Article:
5 intellectual property myths busted

IP-Myths

Editor’s Note: This guest post has been created in collaboration and with financial support from the creators of the online trademark application tool Reggster.com. If you’re also interested in partnering with us, just reach out.

Many EU based startups operate in an intellectual property intensive environment. During my career, I (IP lawyer Erkki Holmila) have encountered a lot of myths and misunderstandings regarding intellectual property. Here are some of the most common ones:

Myth 1 – Registration is the end of the matter

Many companies mistakenly believe that when a trademark is registered or patent is granted, that’s it, your registration or patent is final and you can use the trademark or invention without worrying about infringing others’ intellectual property. It is possible that a registered trademark or patented invention cannot be used without infringing other intellectual property. It is also possible that post-registration challenge is made to the validity of trademark or patent. This happens especially in infringement cases where stakes are high.

Better view: Having a registration or patent is a good indication that all is well. With the passing of time and expanding the business, the risk of infringement decreases and may eventually lose completely.

Myth 2 – Software cannot be patented

This is a commonly held view. However, there is no blanket prohibition for patenting software products. It is true that often it is difficult to find patentable inventions with software products but if it fulfills the same patentability criteria as other inventions, it is possible to get it patented.

Better view: Before disclosing your invention to public, check with your patent attorney whether your software related invention can be patented or not.

Myth 3 – Your company automatically owns the work it commissions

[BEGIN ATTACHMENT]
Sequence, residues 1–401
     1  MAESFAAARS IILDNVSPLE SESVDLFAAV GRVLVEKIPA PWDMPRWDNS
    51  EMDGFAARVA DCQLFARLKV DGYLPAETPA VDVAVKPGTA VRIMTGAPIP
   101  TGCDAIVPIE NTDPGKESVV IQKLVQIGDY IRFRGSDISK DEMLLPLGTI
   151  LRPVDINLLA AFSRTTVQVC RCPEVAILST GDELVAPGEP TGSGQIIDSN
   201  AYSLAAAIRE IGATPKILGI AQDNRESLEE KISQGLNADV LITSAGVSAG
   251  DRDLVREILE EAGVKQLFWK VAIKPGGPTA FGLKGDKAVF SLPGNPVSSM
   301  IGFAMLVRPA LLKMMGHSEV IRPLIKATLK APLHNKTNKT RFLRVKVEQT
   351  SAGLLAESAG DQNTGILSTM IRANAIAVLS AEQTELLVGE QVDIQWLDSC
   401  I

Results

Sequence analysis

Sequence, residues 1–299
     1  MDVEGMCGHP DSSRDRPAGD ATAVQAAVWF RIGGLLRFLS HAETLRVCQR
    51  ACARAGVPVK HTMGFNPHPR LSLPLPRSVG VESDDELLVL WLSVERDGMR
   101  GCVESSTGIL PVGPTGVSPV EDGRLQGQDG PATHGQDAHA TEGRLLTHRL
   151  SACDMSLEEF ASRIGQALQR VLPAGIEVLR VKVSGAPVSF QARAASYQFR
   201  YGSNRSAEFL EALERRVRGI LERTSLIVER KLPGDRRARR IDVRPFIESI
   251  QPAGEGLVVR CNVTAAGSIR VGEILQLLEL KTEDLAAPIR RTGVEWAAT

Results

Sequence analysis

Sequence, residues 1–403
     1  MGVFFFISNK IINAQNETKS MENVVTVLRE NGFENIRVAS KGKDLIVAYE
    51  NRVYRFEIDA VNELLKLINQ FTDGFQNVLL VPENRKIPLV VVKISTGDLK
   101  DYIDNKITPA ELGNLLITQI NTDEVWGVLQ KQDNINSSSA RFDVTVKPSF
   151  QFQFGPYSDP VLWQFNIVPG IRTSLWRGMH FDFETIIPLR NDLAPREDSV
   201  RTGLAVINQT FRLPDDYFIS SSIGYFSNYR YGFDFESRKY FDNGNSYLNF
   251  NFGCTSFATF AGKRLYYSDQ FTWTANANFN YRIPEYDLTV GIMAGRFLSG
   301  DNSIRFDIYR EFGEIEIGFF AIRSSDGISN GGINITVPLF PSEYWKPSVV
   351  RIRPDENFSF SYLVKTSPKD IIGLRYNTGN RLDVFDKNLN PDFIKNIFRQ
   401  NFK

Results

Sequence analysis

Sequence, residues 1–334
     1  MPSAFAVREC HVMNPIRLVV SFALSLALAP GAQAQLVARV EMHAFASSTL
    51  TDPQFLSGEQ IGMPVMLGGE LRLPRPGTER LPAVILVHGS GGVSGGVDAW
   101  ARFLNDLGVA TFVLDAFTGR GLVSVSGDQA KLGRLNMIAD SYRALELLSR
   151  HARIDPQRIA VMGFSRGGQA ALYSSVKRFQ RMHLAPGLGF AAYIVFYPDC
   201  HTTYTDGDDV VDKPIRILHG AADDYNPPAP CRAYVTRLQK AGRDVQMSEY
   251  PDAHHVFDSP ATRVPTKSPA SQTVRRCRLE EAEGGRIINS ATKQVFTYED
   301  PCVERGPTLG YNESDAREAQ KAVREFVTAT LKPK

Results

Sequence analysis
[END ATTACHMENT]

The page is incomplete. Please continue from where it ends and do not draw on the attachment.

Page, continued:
If you order a graphical layout for your website, new logo, user interface, or marketing materials, make sure that rights to these materials are conferred to your company. Copyright automatically arises to natural persons making the work. So if you order, let’s say, marketing materials or logo from a design agency, make sure that the design agency expressly assigns full copyright to your company. Such transfer does not happen automatically merely by commissioning and paying for the work.

Better view: Make sure all intellectual property is expressly transferred to your company from your employees and contractors.

Myth 4 – Intellectual property benefits mainly big companies

Intellectual property benefits companies of all sizes. Often strong intellectual property portfolio is the main component in competing with big companies. Smaller companies are often more creative and innovative, and larger companies rely on startups to come up with new solutions before buying them out. Intellectual property is a key component of this cycle. Startups get routinely acquired because they have come of with a better or smarter way of doing things.

Better view: Intellectual property is size neutral and is often the best asset of a small company against bigger ones.

Myth 5 – China

There are many myths, “truths” and legends about China. The most common, perhaps, is that there’s no point in protecting intellectual property in China because it gets copied or stolen anyway. If you do not protect your intellectual property in China, some else will and can cause you problems for example in manufacturing in China. Also, as Chinese companies are innovating more and more and creating more brands, it is also in their interest that there is a strong intellectual property protection in place. Almost 90% of patent applications in China are made by Chinese companies.

Better view: China is a hugely important market in protecting and generating intellectual property, and not protecting your rights there can lead to serious problems.